This section is from the book "A History Of Gardening In England", by Alicia Amherst. Also available from Amazon: A History Of Gardening In England.
" But fair the exiled palm tree grew Midst foliage of no kindred hue ; Through the laburnum's dropping gold Rose the light shaft of orient mould, And Europe's violets faintly sweet Purpled the moss-beds at its feet.
Strange looked it there ! the willow streamed Where silvery waters near it gleamed ; The lime-bough lured the honey bee To murmur by the desert tree, And showers of snowy roses made A lustre in its fan-like shade".
Parts of Cornwall are so mild that many things will do well there which are considered as greenhouse plants in other parts of England. There are in that county some gardens that would astonish gardeners from less-favoured districts. Pengerrick, Menabilly, Heligan, Tregothuan, and Carclew are among the finest of these Cornish gardens. Camelias grow into fine trees, † and Sikkim Rhododendrons flower in the open-air, and Lapargerias will grow like ivy on sheltered walls. At Carclew, Rhododendrons Thomsoni, Hodgsoni, campylocarpum, argenteum, and many other tender varieties were covered with bloom last spring. In that garden there are many interesting plants thriving well, which are usually kept in green-houses in England. Choisya ternata, Embothrium coccineum, Phyllocladus rhomboidalis, Azara microphylla, are among the number, and Benthamias, the seeds of which were first sent home to England from Ceylon by Sir Anthony Buller, flourish: some of the original ones still grow in the garden at Heligan, where they were first planted. Still more favourable is the climate of the Scilly Isles, and lately this has been taken advantage of, for growing narcissi. Mr, Dorrien Smith started the industry, and within the last ten years it has been steadily increasing, and thousands of cut flowers are sent to the London markets. In the Islands in February there are acres of narcissi in bloom, which are picked and sent off to London. The illustration shows a field of Poets Narcissus, and there are also quantities of the polyanthus varieties grown. The daffodil is a flower which has come prominently into notice of late years. Each type has been enormously developed, some of the new Trumpet varities being of special beauty.*
* The Sub-tropical Garden. By W. Robinson. 2nd Edition, 1879. † Also in Hampshire and some other Southern and Western Counties.
Narcissus in the scilly isles.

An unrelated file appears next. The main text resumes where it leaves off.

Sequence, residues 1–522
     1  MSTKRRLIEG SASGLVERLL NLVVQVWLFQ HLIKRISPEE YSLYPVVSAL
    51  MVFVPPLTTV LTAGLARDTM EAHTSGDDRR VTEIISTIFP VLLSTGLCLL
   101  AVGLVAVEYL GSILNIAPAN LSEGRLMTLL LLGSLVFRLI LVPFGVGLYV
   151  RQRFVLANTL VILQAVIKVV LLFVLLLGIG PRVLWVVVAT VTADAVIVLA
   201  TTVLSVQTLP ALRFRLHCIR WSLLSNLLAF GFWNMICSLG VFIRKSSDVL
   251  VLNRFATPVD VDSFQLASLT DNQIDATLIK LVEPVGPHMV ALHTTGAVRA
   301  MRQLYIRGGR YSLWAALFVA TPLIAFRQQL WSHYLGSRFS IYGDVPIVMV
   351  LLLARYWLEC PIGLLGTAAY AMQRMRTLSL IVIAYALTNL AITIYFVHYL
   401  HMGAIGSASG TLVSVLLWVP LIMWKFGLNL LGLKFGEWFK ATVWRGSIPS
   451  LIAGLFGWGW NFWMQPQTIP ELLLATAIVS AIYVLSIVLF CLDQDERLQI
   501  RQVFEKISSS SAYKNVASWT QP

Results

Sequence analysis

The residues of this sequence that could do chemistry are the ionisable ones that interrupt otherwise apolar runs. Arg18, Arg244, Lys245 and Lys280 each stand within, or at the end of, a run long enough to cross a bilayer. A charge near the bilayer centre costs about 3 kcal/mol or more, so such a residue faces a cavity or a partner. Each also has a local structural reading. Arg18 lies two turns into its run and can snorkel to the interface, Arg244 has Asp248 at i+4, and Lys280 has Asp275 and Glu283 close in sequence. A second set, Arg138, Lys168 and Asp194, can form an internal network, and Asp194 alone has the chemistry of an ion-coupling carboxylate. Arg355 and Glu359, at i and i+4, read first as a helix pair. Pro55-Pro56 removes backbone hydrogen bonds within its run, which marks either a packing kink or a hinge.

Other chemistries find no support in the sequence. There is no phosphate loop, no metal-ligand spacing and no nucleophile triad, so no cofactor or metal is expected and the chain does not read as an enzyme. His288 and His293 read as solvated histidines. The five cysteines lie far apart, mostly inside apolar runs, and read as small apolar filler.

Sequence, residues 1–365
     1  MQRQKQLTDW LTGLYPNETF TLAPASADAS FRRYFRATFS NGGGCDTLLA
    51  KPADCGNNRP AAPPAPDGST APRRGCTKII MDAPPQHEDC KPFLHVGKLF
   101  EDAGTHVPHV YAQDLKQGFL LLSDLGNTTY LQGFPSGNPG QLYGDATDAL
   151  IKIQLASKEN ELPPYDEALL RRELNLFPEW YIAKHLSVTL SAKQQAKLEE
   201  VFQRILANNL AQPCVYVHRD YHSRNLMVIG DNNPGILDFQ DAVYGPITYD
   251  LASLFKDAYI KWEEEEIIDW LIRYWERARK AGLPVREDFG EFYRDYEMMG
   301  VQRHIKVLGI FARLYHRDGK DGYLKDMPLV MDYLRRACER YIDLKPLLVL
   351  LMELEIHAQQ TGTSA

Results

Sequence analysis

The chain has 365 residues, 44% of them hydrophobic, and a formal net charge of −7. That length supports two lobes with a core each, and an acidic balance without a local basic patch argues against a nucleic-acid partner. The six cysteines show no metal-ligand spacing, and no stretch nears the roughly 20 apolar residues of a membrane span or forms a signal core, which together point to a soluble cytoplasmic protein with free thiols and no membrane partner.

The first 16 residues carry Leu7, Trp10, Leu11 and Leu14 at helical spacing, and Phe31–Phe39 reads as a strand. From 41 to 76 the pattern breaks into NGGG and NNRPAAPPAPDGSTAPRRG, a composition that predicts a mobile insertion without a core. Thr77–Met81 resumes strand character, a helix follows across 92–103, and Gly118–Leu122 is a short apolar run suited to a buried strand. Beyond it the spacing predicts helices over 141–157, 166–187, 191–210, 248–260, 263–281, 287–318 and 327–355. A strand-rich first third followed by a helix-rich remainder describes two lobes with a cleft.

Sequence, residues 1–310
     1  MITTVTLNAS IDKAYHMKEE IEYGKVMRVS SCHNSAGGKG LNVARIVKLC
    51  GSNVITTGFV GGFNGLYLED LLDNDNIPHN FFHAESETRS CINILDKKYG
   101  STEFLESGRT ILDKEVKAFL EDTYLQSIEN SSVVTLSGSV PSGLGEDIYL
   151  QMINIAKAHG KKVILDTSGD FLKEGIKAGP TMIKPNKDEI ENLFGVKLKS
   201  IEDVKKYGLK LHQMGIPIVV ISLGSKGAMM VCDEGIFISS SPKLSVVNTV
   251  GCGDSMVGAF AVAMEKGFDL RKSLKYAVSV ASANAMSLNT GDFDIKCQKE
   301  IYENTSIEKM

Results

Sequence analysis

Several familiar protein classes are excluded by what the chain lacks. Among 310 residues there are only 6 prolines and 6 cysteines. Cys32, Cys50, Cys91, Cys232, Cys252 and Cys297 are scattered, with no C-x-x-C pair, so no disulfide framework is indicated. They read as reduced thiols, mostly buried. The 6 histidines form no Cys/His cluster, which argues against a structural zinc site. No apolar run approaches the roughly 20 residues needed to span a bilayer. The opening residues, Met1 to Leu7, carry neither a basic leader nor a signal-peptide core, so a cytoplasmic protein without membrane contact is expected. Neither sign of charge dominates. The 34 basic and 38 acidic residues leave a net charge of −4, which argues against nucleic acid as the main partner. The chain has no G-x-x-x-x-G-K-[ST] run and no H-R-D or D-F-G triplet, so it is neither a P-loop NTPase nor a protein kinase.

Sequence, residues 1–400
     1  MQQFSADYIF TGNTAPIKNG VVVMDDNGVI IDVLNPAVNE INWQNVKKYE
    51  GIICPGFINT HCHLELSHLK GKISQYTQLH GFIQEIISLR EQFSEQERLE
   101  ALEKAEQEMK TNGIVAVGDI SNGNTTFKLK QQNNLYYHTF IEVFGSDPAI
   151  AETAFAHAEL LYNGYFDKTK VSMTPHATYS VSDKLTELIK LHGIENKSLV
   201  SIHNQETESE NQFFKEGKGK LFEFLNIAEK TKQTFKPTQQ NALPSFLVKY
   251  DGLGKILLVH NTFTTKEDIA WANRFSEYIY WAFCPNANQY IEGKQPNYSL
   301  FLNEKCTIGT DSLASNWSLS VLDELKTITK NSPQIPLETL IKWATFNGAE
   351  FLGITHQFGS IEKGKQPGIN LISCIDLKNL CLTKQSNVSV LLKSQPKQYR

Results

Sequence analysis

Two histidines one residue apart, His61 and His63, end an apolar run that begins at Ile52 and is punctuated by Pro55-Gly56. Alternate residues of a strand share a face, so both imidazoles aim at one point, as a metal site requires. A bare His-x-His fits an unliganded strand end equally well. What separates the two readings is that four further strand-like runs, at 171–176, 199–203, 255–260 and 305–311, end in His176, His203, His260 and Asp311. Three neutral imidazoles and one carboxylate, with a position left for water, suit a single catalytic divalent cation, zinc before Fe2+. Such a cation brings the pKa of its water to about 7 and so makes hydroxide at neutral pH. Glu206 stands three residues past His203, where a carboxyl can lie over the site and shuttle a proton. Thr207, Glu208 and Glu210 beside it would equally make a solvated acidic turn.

The spring garden now is no longer only a few tulips and hyacinths bedded out, but these narcissi and many other bulbs such as Scilla siberica, Chionodoxa Luciliae or Tulipa silvestris, can be naturalized, and if planted in masses on grass, in glades, or on the edges of lawns, they will give a brilliant effect before the summer flowers have made their appearance, and can be mown over with the rest of the grass if necessary when their flowers are over. Bulb culture is a favourite pursuit in the manufacturing districts of north-west England. It is thought that the taste was carried thither by the Flemish weavers, who in earlier times had brought the love of these plants with them from the Low Countries, when they first settled in East Anglia, Essex and Kent. There is also the kind of spring garden which has been most successfully carried out at Belvoir. Not only are the beds filled with such things as " Forget-me-nots," Iris reticulata and Iris siberica, Silenes, Violas, Wall-flowers or Heuchera sanguinea, Aubretias, Cerastium tormentosum, but many Primulas, Anemones, Gentians, Cyclamens, and various alpines, are naturalized on a vast rock garden.
The idea of naturalizing plants in shrubberies, grassy banks and wild places, is also a new departure of the late nineteenth century. Mr. W. Robinson, by his works, the Wild Garden, and the English Flower Garden, has done more than any one to bring in the taste. By grouping flowers naturally in this way, fine picturesque effects can be obtained. It is the reverse of the " Landscape Gardening," which brought green undulations of park-like appearance up to the house, and banished the flower-garden ; it extends the flower-garden into the surrounding country. In practising the art of wild gardening, that is, naturalising of plants, which are not natives, but which are hardy in our climate, and if once planted will take care of themselves, there is no need to banish the "formal garden." The formal garden certainly seems to be the most suitable to place near a house, and its design should harmonize with the architecture. This kind of garden is necessary, if any tender plants, or those that require special care and treatment are to be reared, but beyond this formal garden, and separated from it by some suitable enclosure, the wild garden, judiciously planted, proves a continuing source of interest and pleasure. The accompanying illustration of some giant lilies about ten feet high, shows one of the many effects such a "wild garden" can produce. They are planted in a wood, and are spreading and thriving, and look quite in keeping with their surroundings. The low bushes in the background are varieties of cistus, all quite at home in the Surrey copse.* There is great scope for wild gardening on the banks of streams and lakes, and even in the water itself. The new hybrid water lilies raised by Marliac in France, and coming to us from that country, are one of the latest additions to gardens, and in a few years their worth will be recognized.† The numbers of lilies imported from Japan have added yet another feature to nineteenth-century gardens, and the varieties of hardy Rhododendrons and Azaleas are further precious contributions from that country.
* Ye Narcissus, a Daffodil Flower. By Barre, 1884.
LILIES IN WILD GARDEN.